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Chakwal’s oldest fair defies modernism

February 20, 2012

Bull show. – AP Photo

CHAKWAL: A bull show, locally called Jalsa, held in a village here the other day provided much-needed excitement and recreation to the local people.

Talagang Road leading to the Mureed village witnessed an unusual flow of traffic. There were trucks loaded with bulls, and people travelling on tractors, vans, cars, motorbikes and even on foot towards the arena.

Chaudhry Shaukat, who organised the event, chose his own patti (land) of three acres. The soil was softened by ploughing with tractors. All sides of the patti were thronged by spectators except the entrance and exit fixed for the bulls. Many people danced as the local artists beat drums and played flutes.

The bulls were brought from different villages of Chakwal and Potohar. The wait of the crowd ended when announcer Tora Khan called the first pair of bulls to the arena. More than 50 pairs of bulls were set in the arena but very few of them came up to the expectations of the onlookers.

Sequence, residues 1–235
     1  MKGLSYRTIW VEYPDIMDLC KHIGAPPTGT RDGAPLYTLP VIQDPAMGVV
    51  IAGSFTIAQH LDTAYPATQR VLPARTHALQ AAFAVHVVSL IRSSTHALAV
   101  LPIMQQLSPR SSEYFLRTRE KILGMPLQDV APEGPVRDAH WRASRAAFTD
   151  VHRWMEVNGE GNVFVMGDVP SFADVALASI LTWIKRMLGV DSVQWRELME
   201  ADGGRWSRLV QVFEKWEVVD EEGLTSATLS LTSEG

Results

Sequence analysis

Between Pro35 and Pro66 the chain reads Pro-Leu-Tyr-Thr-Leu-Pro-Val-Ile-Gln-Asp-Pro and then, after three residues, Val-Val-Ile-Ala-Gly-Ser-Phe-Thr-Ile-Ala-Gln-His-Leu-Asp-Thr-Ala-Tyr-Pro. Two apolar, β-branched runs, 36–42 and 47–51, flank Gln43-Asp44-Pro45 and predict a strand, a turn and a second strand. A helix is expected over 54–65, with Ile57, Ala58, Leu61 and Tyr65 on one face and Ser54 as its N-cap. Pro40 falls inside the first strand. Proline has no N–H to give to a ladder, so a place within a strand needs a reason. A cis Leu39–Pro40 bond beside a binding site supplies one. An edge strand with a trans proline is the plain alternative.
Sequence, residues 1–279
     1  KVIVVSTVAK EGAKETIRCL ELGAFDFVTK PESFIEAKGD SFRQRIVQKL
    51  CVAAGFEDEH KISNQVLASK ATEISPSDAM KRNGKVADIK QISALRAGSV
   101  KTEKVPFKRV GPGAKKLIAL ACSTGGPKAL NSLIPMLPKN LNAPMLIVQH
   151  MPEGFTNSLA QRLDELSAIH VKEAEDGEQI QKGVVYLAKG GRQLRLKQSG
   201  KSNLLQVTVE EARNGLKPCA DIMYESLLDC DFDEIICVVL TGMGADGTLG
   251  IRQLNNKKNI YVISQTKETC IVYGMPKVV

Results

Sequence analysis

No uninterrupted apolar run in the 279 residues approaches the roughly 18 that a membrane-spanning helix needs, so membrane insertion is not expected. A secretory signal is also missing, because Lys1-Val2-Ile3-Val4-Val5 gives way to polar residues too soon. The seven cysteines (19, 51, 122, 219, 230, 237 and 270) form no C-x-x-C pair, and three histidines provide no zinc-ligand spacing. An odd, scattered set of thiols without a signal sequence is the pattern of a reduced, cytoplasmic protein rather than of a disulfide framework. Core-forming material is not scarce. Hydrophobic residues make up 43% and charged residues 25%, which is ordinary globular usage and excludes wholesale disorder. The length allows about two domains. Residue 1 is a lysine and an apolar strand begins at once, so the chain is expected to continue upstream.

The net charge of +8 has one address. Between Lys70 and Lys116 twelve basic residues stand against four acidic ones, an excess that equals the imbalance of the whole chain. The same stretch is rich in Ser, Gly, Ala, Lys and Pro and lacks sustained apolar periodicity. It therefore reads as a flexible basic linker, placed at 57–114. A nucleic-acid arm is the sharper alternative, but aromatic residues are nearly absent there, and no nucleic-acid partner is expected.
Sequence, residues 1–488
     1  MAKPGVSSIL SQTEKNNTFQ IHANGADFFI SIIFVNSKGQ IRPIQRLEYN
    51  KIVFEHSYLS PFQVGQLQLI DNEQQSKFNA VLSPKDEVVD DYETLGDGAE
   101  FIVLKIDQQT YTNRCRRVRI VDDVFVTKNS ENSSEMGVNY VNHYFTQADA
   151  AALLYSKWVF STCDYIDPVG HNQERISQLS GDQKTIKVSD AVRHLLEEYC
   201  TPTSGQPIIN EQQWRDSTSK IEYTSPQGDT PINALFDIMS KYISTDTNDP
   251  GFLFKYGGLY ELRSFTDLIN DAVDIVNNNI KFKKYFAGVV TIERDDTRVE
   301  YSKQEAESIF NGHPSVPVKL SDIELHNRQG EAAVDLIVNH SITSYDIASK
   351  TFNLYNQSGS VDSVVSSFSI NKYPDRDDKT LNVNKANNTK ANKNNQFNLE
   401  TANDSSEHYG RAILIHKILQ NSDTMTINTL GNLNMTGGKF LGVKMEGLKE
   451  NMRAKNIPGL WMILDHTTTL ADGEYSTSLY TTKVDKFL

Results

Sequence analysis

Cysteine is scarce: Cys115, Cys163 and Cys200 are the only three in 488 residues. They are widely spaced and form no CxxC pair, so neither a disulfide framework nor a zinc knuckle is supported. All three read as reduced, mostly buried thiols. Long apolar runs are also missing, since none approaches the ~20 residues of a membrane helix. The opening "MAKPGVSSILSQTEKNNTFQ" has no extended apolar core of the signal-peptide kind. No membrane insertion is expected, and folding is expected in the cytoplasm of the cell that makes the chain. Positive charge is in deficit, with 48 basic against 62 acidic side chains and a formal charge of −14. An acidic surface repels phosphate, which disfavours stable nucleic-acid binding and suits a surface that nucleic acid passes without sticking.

The Jalsa is not only a bull race rather it has different interpretations. A pair of bulls is pinioned in a panjali (yoke). A karah (plank made of wood) is put behind the bulls and is tied to the yoke. Three persons hold the two bulls from the front side. Three others put the karah on the soft land and press it down. The karah drags soil which causes burden for the bulls. The three persons behind sit on the karah and thus the load for the bulls gets manifold. Now the bull that drags the tough burden without losing its speed and temper is supposed to be the winner. There is no umpire who declares the winner bull rather it is up to the crowd. “The bull that walks fast with measured steps with an attractive gait forces the spectators to declare it as winner,” explains bull owner Noman Haider from the Maingan village.

Though many untoward incidents occur during a Jalsa but the interesting thing is that there is no intervention from the government. Neither there are police nor Rescue personnel during the event. To manage a rough crowd requires rough measures. When any person or persons try to disturb the show they are first requested by the organisers not to spoil the fair.

But when the irritants do not pay any heed, the organisers throw dust on them which teaches them a lesson of mannerism.

Jalsa is as old as Chakwal itself. Despite the fact that modernism is engulfing many cultural games and fairs, it continues to attract more and more people.

“We are witnessing more such events in a year and the young generation seems fonder of this historic show,” said Chaudhry Shaukat.

The price of a bull has skyrocketed. A bull fitting for Jalsa costs Rs1,000,000 to Rs1,500,000.